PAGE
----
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Par sarah - Publié en juin 2013

Interview with the Minister of Culture and Tourism and former FESPACO general delegate.

Baba Hama, the former FESPACO general delegate and present Minister of Culture, who majored in letters at Ouagadougou University and earned a journalism degree at Lille’s Advanced School of Journalism (ESJ), enjoys the reputation of having an impressive memory. The humble, smiling man is a great film buff capable of dissecting a movie off the top of his head. We interviewed him about one of Burkina Faso’s riches: culture.

AM : If you had to define culture in Burkina Faso in a few words, what would you say?

BABA HAMA : Rich, vibrant and varied, because it reflects the cultural mosaic of our country’s 60 ethnic groups. It has helped Burkina Faso solidify its identity and return to its roots since independence, continuing along the lines of negritude and later, in the 1980s, as part of the policy to put value back into cultural expression.

Is there a flagship event?

National Culture Week [editor’s note: SNC], featuring the culinary arts, performing arts, sports, etc., is an exciting contest with elimination stages in the 45 provinces and the final every two years in Bobo-Dioulasso, where the six-billion-FCFA (nine-million-euro) Palace of Culture was built to host every form of artistic expression year round in addition to SNC, an event that carries on traditions while emphasizing creativity. The goal is to export culture whose form and presentation meet international standards.

Is culture a development driver today?

More than ever. It has even been included in the Accelerated Growth and Sustainable Development Strategy (SCADD).We’re convinced culture plays a role in fighting poverty. It also creates jobs: 164,000 people earn their livelihoods from culture; that’s more than the civil service, which employs 70,000 people. It takes between 40 and 50 people to make a film or stage a play.

How does the government show its commitment?

By a continuous effort to include culture in development policy. National policy enables us to draft film-related bills and serves as a framework for funding and financial and technical support. At the same time, artists must be encouraged to unionise to obtain legal recognition of their craft.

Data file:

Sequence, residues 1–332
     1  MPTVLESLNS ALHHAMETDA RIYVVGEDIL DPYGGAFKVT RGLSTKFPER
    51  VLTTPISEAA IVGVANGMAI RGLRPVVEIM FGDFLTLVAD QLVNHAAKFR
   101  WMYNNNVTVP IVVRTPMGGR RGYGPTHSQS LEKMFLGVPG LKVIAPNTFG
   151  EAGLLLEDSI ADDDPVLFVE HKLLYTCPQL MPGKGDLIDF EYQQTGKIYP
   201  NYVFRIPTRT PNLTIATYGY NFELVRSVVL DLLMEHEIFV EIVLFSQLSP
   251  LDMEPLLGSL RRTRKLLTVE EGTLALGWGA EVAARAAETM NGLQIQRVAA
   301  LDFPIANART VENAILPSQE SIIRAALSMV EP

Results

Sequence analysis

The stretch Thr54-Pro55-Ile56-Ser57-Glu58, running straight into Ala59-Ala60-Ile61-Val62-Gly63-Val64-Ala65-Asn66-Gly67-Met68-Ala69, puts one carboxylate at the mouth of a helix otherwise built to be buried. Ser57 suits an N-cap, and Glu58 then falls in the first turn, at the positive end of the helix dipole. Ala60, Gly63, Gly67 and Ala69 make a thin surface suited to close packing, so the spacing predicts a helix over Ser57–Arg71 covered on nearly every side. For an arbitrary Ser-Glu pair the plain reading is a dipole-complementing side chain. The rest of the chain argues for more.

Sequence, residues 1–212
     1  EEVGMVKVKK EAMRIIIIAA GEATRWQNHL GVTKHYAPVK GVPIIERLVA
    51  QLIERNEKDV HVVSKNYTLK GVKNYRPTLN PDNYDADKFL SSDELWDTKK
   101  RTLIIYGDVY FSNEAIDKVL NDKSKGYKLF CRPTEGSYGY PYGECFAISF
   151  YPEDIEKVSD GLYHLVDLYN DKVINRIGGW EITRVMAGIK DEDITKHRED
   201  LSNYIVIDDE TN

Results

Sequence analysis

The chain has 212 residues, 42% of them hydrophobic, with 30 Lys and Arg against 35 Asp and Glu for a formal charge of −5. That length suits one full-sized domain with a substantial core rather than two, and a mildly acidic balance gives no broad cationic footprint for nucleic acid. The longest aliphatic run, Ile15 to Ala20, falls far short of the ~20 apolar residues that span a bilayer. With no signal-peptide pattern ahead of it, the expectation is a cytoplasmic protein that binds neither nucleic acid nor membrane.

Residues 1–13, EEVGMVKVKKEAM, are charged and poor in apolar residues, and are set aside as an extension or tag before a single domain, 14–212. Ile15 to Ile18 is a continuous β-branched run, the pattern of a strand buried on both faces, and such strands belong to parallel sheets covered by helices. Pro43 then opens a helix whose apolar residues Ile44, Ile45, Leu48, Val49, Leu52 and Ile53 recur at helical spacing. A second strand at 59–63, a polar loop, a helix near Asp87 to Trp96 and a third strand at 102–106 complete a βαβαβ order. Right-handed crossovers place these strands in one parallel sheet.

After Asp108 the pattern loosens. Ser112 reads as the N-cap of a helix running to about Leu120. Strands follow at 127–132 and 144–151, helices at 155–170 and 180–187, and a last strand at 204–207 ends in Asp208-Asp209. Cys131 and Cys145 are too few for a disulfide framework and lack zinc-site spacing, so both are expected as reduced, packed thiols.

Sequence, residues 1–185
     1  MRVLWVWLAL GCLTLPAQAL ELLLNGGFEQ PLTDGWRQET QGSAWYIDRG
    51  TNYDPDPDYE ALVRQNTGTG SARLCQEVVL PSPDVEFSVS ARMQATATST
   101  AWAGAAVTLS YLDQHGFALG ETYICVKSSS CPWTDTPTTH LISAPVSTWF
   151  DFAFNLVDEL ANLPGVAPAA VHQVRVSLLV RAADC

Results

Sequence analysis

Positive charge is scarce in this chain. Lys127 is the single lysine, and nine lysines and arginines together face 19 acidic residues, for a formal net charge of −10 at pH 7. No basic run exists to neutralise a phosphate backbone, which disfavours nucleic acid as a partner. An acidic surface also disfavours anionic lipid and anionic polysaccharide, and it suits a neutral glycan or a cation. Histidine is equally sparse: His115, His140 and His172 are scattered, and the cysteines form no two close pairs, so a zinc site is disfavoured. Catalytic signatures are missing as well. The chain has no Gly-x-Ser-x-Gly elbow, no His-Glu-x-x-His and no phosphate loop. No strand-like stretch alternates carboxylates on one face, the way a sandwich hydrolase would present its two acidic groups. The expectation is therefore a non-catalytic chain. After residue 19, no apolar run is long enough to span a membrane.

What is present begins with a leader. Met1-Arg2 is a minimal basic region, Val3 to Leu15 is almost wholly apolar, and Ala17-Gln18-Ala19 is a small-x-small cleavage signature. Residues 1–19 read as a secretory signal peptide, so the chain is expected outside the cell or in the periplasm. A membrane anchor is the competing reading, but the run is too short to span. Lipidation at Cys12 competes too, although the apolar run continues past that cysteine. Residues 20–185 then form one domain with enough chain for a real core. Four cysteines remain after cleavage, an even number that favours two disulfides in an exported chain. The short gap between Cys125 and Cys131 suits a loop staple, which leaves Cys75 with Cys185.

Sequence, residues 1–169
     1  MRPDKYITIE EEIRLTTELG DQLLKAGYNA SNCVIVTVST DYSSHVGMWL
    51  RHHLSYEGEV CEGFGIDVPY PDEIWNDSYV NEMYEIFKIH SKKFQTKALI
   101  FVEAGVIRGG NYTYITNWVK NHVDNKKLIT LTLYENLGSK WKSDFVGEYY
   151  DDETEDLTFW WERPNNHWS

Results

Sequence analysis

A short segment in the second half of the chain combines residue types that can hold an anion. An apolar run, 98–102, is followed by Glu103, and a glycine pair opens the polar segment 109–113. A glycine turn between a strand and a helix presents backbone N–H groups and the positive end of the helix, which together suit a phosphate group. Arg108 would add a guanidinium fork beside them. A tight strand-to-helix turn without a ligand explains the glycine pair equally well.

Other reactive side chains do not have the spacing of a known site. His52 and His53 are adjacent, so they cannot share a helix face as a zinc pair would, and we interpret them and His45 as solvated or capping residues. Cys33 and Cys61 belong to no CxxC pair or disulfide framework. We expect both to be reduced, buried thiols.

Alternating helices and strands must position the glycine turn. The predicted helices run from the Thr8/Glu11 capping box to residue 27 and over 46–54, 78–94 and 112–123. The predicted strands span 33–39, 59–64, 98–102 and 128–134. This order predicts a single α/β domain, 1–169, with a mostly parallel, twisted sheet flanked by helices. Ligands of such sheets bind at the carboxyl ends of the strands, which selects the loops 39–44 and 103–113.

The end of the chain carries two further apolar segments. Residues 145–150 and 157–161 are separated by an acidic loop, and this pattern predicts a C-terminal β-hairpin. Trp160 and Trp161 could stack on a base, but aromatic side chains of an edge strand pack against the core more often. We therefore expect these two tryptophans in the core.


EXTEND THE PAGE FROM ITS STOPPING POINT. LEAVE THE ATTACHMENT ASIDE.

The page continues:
A law on the artist’s status has just been enacted.

The decree came out in October 2012. It defines “artist” based on UNESCO guidelines and recommends setting up a national arts centre and creating a professional card, which lays the groundwork for a social safety net. It is no longer necessary to be a public or private sector employee to pay into the national social security fund [CNSS]. Now freelancers can, too.

Is culture a selling point for the country on the international stage?

It is our oil. For a long time it has also been a driving force behind tourism and an export product our theatre companies’ and music groups’ international tours attest to that driven by FESPACO, a showcase and Burkina Faso’s international calling card.

What are your ministry’s major projects?

Arts education at the earliest possible age is one of those I care about most. The idea is to introduce art classes drawing, sculpture, music, etc. in schools on an equal basis with biology and mathematics. We’re training teachers in those subjects.


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